Typically, pectus excavatum can be identified by simply looking at the chest. In a recent 2022 study, surgeons visually diagnosed pectus excavatum in 55% to 95% of the patients.
However, your doctor might also recommend various tests to look for other possible underlying heart and lung issues caused by the deformity.
These tests could consist of the following:
- Chest X-ray
- Lung function tests
- CT scan or MRI
Benefits of visual diagnosis
Although the visual appearance of the deformity is the biggest enemy of our mental health and self-esteem, if we look at the positive side, it can be something good.
With a noticeable dent, the chances of misdiagnosing pectus excavatum can be very slim, specifically when a doctor examines it.
Disadvantages of visual self-diagnosis
As pectus excavatum can be very noticeable, it’s hard for a person to avoid it and not be aware of it.
You can overstress yourself if you think you have the deformity but haven’t talked to a doctor yet. You may think you can’t correct the deformity you will live with for the rest of your life.
However, once you’ve received a formal medical diagnosis, you can use reputable websites to learn more about your deformity. Again, please be aware that the internet can also be a place for misinformation.
Self-diagnosis may put your mind at ease, but it is always preferable to hear the expert’s advice from a doctor in the best cases.
Usually, this deformation isn’t harmful physically because it isn’t very severe. The doctor’s words can be comforting to you and your family!
My story with a visual diagnosis
My experience with pectus excavatum began between the ages of 10 and 11. That was when I felt conscious of my physical look for the first time as I entered puberty and realized that my chest differed from my friends. I would like to know why my chest has a dent in the middle and what it means.
My first Google search about the deformity was: “why is there a hole in my chest.” That’s when I noticed something was wrong with my chest. I was desperate to know what it meant.
I learned what the deformity is by doing a quick Google search. That was my first step toward visual self-diagnosis, and I’m sure many of us with pectus excavatum began off the same way when we were alone in front of the mirror and asked ourselves if there was something wrong with us.
I know those first moments can be tricky and discouraging, so you shouldn’t go through them alone, so please, share your feelings with your parents or loved ones at the beginning!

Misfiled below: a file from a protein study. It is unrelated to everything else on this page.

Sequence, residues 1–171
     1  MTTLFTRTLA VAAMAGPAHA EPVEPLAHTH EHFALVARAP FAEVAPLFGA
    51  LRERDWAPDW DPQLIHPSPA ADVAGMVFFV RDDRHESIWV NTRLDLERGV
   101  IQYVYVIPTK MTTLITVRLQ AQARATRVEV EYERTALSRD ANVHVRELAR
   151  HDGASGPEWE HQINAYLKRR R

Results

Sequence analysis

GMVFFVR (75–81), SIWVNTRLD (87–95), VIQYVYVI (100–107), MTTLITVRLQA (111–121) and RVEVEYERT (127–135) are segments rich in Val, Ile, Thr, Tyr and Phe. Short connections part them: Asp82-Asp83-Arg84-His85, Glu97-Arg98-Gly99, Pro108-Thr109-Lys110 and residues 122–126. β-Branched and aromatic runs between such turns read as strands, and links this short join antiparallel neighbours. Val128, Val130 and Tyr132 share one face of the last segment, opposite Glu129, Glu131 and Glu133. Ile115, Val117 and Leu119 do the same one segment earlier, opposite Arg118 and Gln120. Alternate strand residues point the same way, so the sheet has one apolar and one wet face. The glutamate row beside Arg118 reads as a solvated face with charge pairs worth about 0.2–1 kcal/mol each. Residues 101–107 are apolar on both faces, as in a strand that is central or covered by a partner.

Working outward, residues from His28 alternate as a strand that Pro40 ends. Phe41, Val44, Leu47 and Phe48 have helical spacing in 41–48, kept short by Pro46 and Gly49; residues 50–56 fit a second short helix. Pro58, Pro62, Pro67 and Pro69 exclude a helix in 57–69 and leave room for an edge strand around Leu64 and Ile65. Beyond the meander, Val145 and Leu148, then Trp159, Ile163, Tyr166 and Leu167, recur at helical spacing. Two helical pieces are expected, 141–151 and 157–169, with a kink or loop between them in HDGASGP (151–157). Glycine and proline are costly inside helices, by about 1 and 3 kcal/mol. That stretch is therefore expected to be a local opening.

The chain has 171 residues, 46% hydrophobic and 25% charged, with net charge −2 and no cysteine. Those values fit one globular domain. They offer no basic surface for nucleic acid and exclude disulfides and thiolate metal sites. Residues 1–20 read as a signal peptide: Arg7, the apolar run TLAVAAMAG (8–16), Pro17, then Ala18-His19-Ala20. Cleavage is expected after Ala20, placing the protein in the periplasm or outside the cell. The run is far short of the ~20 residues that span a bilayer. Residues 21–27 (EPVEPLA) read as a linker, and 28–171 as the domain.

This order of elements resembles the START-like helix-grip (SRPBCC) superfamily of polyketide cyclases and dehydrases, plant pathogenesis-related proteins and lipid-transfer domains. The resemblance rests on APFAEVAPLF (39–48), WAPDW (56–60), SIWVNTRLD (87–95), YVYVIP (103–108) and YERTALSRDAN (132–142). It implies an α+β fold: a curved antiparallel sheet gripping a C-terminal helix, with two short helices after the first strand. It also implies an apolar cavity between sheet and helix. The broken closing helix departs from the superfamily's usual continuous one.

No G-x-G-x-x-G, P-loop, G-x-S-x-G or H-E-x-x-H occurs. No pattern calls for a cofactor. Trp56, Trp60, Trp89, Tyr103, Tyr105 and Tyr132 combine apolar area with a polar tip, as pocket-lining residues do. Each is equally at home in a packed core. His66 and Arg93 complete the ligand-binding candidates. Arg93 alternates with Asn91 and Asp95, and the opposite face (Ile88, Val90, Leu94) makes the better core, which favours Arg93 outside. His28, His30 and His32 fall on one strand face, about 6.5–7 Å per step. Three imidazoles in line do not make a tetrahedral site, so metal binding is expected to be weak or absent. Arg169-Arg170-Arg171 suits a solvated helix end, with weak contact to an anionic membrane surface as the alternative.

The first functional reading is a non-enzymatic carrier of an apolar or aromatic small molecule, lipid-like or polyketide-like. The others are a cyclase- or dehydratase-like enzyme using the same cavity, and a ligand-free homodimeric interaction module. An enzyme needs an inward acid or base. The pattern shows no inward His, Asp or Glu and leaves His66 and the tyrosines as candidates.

My doctor Dr. Blagoja Georgieski confirmed that it is a deformity called pectus excavatum.
Ask for a professional medical answer
In other words, I initially diagnosed that something was wrong with me, and then I learned the term for this deformity online. That indicates that I visually self-diagnosed my sunken chest deformity.
It was followed by a medical diagnosis, which was unquestionably necessary.
I’m writing this article to let you know that visual self-diagnosis can be a convenient first step for pectus excavatum, but please don’t stop there. Ask a doctor for advice and further guidance!
If you are a young person starting to question your physical malformation for the first time, know that you are not alone. Visual self-diagnosis is possible and is frequently accurate in cases of funnel chest deformity. After that, we need proper guidance if improving the deformity is necessary or if it causes us psychological damage.
My story with the deformity continued with doctor-prescribed physical therapy, swimming classes, posture correcting exercises, and chest strengthening exercises.
Once I was sure there were no other heart or lung difficulties due to the sunken chest, I continued exercising, significantly improving my quality of life.
Everybody’s pectus excavatum story is unique. Remember, diagnosing the deformity as early as possible is always best, so adequate treatment will be recommended.
I hope this blog post was helpful. Thank you for reading! If you have any questions, please write them in the comment section below or contact me via the contact form.
- Daemen JHT, de Loos ER, Geraedts TCM, Van Veer H, Van Huijstee PJ, Elenbaas TWO, et al. Visual diagnosis of pectus excavatum: An inter-observer and intra-observer agreement analysis. J Pediatr Surg. 2022 Mar;57(3):526–31.
- Pectus excavatum – Diagnosis and treatment – Mayo Clinic [Internet]. [cited 2023 Jan 30]. Available from: https://www.mayoclinic.org/diseases-conditions/pectus-excavatum/diagnosis-treatment/drc-20355488
- CT scan – Mayo Clinic [Internet]. [cited 2023 Jan 30]. Available from: https://www.mayoclinic.org/tests-procedures/ct-scan/about/pac-20393675
- Chest X-rays – Mayo Clinic [Internet]. [cited 2023 Jan 30]. Available from: https://www.mayoclinic.org/tests-procedures/chest-x-rays/about/pac-20393494